When we think about tourist places in India, what comes to mind usually is some historic monument or some beautiful hill station. Our biggest attractions remain the magnificent Taj Mahal and the party beach land of Goa. From forts and palaces to mountains and valleys, there is a lot for people to explore in this beautiful country. However, what we hardly seem to talk about is India’s rainforests.

India is home to some truly astonishing rainforests that are home to a wide number of species. These rainforests make for excellent places to visit, especially for those who have a romantic connection with nature, wildlife, and greenery. Features of India’s Western Himalayan rainforests are in contrast with those of its eastern forests. Here are the tropical rainforests of India which may soon be endangered due to an alarming growth in the human population and damage in the ecosystem.

The Western Ghats

Rainforests Western Ghats

Monsoons bring out the best in the Western Ghats of India that spread across Maharashtra, Karnataka and parts of Kerala and Tamil Nadu. The North Western Ghats cover an area of close to 30,900 square kilometers starting from southwestern India in Maharashtra and extending to Karnataka to Kerala in the south. They are home to trees of the laurel family (Lauraceae), including Litsea, Phoebe, and Cinnamomum. The South Western Ghats, that stretch across Kerala and Tamil Nadu, are an eco-region of southern India, with altitudes going as high as 1000 m. This region is cooler and wetter as compared to its northern counterpart with moist deciduous forests. The Western Ghats monsoon forest is home to around 4,000 species and close to 1,800 of them are endemic to this region.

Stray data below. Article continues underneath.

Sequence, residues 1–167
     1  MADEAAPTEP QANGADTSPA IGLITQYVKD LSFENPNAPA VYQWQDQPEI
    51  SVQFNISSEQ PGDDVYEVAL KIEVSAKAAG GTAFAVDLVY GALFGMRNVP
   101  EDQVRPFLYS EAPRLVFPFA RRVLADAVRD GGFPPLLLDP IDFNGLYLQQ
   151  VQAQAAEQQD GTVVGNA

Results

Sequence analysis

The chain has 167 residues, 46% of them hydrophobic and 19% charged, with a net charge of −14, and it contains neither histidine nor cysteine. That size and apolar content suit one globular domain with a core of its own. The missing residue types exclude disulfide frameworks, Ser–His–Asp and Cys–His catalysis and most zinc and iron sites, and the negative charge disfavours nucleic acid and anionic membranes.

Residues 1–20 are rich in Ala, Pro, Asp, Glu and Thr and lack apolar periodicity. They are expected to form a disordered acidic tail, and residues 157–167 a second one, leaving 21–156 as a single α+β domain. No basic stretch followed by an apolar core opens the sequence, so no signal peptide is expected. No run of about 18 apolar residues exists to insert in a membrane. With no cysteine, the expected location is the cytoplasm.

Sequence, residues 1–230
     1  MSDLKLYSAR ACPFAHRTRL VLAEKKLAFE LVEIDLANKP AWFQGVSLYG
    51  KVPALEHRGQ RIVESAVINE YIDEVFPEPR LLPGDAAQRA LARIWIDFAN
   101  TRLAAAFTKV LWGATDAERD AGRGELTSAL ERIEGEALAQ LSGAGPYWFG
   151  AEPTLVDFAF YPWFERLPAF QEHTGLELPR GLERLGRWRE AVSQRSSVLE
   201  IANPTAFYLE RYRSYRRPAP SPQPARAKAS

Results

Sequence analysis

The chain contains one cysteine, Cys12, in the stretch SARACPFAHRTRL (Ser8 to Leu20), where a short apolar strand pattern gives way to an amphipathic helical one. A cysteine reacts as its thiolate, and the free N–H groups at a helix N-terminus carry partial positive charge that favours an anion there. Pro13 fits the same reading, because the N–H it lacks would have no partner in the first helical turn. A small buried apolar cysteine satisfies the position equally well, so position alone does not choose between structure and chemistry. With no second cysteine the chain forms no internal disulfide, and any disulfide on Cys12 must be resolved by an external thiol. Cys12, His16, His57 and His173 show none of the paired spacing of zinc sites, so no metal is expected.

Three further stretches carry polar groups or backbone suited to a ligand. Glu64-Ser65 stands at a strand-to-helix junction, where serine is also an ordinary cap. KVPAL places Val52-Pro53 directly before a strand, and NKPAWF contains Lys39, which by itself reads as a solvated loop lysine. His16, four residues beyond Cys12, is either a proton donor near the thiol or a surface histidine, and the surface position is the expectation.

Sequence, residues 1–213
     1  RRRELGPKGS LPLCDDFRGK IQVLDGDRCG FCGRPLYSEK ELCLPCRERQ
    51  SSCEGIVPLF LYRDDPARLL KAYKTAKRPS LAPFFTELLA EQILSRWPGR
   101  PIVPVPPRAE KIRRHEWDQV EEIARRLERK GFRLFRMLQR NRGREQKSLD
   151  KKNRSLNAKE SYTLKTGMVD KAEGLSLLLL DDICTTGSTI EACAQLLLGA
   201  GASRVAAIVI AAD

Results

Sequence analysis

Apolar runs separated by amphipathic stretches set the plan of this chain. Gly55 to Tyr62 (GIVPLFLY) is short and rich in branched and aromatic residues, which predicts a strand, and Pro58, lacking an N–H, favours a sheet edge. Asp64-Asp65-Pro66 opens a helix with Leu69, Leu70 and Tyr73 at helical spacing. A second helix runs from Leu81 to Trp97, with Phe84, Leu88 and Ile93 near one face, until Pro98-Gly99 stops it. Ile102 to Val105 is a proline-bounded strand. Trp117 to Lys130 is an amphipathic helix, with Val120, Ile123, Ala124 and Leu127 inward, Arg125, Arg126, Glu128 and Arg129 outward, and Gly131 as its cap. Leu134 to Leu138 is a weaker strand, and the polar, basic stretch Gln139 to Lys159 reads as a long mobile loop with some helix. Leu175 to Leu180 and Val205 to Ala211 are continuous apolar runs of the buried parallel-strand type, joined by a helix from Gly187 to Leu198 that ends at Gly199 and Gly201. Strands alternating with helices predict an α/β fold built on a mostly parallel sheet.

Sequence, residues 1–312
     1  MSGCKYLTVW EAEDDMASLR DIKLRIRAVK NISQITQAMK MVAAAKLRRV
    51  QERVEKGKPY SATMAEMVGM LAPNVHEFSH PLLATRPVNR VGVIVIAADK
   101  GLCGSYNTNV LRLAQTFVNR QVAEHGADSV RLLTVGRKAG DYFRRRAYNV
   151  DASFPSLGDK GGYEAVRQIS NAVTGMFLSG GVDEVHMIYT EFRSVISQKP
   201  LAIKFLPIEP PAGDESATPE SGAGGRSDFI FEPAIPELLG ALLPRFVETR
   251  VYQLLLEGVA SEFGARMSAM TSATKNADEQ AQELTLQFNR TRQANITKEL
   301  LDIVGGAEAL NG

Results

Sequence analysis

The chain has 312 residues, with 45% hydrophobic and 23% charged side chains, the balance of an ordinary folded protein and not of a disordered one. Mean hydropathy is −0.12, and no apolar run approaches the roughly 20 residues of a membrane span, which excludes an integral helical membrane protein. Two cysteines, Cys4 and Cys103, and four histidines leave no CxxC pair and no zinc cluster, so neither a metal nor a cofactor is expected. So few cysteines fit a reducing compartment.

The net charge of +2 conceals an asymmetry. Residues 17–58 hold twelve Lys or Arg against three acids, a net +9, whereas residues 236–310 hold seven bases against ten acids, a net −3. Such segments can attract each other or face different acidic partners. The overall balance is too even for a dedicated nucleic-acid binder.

Northeast India

Rainforests Nagaland

India’s best rainforests are found in the northeastern region which is not as affected by human population as the Western Ghats. The northeastern rainforests stretch from northern Assam to Nagaland, Manipur, Mizoram, Tripura and part of Arunachal Pradesh. Most of this region is at an altitude of around 900 meters. It is home to evergreen and semi-evergreen rainforests, moist deciduous monsoon forests, riparian forests, swamps and grasslands. You can find evergreen rainforests in the Assam Valley, and the foothills of the eastern Himalayas. Regions like the lower parts of the Naga Hills, Meghalaya, Mizoram and Manipur receive heavy rainfall making it possible for the evergreen forests to thrive here. The whole of northeast India is known for the moist sal (Shorea robusta) monsoon forests.  Upper Assam is home to the Joydihing wildlife sanctuary which consists of the Joypur reserve forest, Dirak reserve forest and Dihing reserve forest. A number of wild species like Rhesus Macaque, Assamese Macaque, and slow Loris, capped Langurs, pig-tailed Macaque, stump-tailed Macaque and Hoolock Gibbons are found in this area. This rainforest also has a huge elephant population.

Andaman and Nicobar Islands

Havelock - Andaman-and-Nicobar-Islands

And then there are the tropical evergreen, semi-evergreen and monsoon rainforests of Andaman and Nicobar islands. Several species of flora and fauna are indigenous to the monsoon rainforests of Andaman and Nicobar islands. The tropical forest canopy of this region has a mixed range coming from Indian, Myanmar, Malaysian and endemic flora. There are around 2,200 varieties of plants here, out of which 200 are endemic and 1,300 are not found in mainland India.

India’s rainforests are depleting at an alarming rate on account of the growing population and lack of initiative to protect them. It is of utmost importance that steps be taken to save them by raising awareness about the scare and planting trees in regions where forests have been destroyed to restore damaged ecosystems.